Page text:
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A caring touch

Several Parkland social workers, nurses and a physician sit at a conference table. A man sifts through a printout of the upcoming presentation while the woman across from him peels a banana. The others pour a cup of coffee and grab a muffin, a few pieces of fruit from a tray. These tasks they carry out with ease will take on new meaning this morning.

The group is gathered for an aging sensitivity program presented by Vicki DeVault, education coordinator for Parkland’s Department of Geriatrics, as part of a two-day departmental orientation for new hires to Parkland’s Community Oriented Primary Care clinics.

This program aims to create a sense of heightened awareness of the physical, emotional and mental changes older adults experience with age. Learning about changes in mobility, vision, hearing, sense of smell, touch and even taste enhances patient safety and quality of care.

“The whole idea of the program is to help people understand the challenges senior adults face, and with that, helping them to know what they can do to help older adults be as independent as they can be,” says DeVault. “There are many issues that older adults deal with and we want to take a holistic approach.”

The program is separated into two parts – a presentation on how to interact with senior and elderly patients and hands-on activities that bring to life the physical challenges that often accompany aging. The need for such a program is increasing as the number of older adults rises, DeVault says. The 78 million Americans born in the baby boom generation from 1946 to 1964 began hitting retirement age in 2011. By 2030, the number of Americans over the age of 65 is expected to reach 72 million, according to the U.S. Census Bureau.

Age sensitivity

DeVault believes Parkland will be well served to prepare for the next generation of aging patients. She tells the story of an older man with ongoing gastrointestinal problems. After numerous efforts were made by doctors and case workers to eliminate his illness, one case worker evaluated the man’s kitchen and found he was eating spoiled canned salmon. Age-related changes in his sense of smell had hindered his ability to detect the odor coming from the salmon, his number of taste buds had declined over time and his vision had deteriorated. The man was unable to recognize that out-of-date food was the source of his gastrointestinal illness.

Everyone experiences aging differently, but some of the most common issues seniors face includes gradual hearing loss, slower response times, difficulty sensing and recognizing pain, loss of vision, difficulty balancing and a hindered sense of smell.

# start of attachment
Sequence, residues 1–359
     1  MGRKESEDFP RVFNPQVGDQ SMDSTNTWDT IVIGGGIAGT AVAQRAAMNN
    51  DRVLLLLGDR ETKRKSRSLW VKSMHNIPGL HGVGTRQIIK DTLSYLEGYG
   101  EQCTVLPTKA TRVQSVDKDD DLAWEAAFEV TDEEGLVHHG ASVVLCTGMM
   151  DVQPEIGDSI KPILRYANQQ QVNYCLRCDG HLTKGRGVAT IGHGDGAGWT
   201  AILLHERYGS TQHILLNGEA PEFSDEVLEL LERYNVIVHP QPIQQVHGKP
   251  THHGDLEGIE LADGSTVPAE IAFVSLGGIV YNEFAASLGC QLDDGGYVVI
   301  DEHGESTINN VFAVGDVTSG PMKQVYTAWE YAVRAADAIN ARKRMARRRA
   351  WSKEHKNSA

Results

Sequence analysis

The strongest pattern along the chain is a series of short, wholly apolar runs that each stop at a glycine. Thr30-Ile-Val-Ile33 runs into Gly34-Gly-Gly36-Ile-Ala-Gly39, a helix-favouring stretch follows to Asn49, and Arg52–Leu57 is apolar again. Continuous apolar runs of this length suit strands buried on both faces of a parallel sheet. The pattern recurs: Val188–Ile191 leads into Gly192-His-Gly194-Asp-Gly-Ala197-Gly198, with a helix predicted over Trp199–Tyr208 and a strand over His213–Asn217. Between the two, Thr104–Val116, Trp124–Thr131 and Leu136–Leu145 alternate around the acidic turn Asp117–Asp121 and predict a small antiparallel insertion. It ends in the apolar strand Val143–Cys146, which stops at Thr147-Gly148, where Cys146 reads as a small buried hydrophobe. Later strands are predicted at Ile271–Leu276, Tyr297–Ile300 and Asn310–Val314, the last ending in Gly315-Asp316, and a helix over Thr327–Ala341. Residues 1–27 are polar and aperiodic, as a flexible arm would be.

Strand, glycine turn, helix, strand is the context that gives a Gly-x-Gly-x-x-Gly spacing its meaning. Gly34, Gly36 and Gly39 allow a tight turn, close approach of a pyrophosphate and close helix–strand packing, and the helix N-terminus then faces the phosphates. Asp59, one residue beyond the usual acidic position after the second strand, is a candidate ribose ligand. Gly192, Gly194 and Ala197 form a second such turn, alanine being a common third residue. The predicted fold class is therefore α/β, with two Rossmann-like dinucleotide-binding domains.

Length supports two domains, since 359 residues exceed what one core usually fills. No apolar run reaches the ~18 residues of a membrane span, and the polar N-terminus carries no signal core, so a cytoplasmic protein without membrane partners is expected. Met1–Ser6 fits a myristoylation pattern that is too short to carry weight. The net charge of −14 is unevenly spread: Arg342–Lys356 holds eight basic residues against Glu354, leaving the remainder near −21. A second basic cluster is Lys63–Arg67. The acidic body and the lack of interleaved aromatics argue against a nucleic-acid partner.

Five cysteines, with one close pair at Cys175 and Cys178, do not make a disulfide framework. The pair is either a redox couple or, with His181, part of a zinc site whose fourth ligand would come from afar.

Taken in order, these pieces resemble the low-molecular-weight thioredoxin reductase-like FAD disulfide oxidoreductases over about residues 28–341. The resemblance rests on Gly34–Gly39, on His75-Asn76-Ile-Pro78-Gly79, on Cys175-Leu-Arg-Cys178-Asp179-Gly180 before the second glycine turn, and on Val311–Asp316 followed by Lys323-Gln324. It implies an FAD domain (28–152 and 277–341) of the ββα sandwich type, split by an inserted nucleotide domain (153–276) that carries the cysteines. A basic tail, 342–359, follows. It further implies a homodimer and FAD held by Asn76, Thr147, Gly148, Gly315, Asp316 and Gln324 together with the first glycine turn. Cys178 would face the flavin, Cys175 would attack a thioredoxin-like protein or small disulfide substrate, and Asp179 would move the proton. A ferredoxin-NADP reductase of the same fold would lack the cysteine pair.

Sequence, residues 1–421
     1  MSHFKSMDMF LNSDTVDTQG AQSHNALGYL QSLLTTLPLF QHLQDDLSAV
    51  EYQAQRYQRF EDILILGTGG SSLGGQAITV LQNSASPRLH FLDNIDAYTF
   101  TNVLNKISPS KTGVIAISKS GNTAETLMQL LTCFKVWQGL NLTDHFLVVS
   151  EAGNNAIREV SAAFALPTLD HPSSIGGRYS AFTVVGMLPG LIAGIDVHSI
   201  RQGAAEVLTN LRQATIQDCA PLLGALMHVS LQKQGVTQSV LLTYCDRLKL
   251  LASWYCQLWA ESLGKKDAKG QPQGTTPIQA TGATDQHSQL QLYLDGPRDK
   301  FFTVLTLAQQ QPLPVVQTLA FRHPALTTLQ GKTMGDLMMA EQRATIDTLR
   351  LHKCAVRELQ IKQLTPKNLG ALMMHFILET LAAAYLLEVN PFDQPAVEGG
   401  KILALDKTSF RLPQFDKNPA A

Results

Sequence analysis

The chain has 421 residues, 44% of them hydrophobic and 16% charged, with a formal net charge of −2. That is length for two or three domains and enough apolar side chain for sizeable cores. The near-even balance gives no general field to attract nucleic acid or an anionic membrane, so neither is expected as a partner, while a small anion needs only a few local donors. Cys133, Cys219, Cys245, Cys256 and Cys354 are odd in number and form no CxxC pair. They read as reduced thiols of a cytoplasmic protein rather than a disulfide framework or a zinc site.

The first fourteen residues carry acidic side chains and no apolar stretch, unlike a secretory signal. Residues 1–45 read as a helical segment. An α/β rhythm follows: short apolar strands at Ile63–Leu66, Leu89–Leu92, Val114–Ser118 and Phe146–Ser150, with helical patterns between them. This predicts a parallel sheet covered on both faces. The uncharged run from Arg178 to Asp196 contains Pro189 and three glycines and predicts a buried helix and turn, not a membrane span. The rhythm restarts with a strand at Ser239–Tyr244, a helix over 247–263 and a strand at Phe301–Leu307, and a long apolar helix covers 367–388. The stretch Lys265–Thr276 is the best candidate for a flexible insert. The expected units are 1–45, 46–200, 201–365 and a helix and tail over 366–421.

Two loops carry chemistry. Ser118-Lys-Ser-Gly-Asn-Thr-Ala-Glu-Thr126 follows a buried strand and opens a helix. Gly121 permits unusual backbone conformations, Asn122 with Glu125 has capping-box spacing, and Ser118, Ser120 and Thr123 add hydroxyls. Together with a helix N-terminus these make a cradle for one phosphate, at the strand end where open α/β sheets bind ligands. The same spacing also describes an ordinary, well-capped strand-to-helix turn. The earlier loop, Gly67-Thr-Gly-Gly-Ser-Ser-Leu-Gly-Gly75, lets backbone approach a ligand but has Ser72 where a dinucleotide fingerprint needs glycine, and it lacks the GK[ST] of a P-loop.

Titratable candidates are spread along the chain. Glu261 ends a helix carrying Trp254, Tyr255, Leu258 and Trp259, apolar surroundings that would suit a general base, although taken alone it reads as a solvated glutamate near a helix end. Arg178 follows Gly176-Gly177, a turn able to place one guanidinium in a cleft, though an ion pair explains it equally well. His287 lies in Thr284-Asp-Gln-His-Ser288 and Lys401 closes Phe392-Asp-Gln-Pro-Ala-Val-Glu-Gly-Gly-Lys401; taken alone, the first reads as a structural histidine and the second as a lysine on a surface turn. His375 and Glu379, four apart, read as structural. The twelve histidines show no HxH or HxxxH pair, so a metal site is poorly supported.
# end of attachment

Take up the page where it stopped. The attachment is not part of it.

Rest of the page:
In the training program, props allow Parkland staff to experience some of these effects of aging. Participants start by sorting small imitation “pills” while wearing a pair of arthritis simulation gloves and glasses that simulate such eye problems as macular degeneration, general yellowing and discoloration, glaucoma and cataracts. The gloves make it difficult for most of the participants to open the pill bottle and few are able to accurately sort the pills by color.

DeVault says the experiential part of the program makes a difference because participants are actually able to see what it’s like if you can’t take your medication or get money out of your wallet without help.

In another activity she puts elastic bands around a participant’s ankles to simulate the feeling of arthritis. The participant is given a lightweight walker and a pair of simulation glasses and is tasked with performing everyday activities such as opening a door, walking down a hallway and trying to fit into a bathroom stall with the walker.

Making a difference

Taunya Chatman, a medical assistant at Parkland’s Irving Health Center, says the hands-on aspect of the program is compelling – particularly with regard to the vision changes seniors experience.

“(This program) will help me to be more open, warm, friendly and understanding toward seniors,” she says. “It will help me to put myself in their shoes.”

Margret Singameni, a pediatric and adult social worker also based at Irving Health Center, says she agrees with Chatman. “By putting on different gear you’re able to understand on a much more intimate level the issues that seniors face on a day-to-day basis. You can see the challenges they experience in daily tasks.”

As the program comes to an end, the group is asked to reflect on what they’ve learned so that they may better serve Parkland’s older adult patients. One woman speaks candidly and emotionally about how she can now understand what her late father was going through in the last years of his life.

“When I do this program, people say, ‘I don’t want to get old,’ and certainly there are many changes that will happen as we age,” says DeVault. “But there are also resources out there that will help people to be as independent as they can. This program brings a real-life element to people – not just here at Parkland but also in their personal lives.”

By Cortney Strube

 

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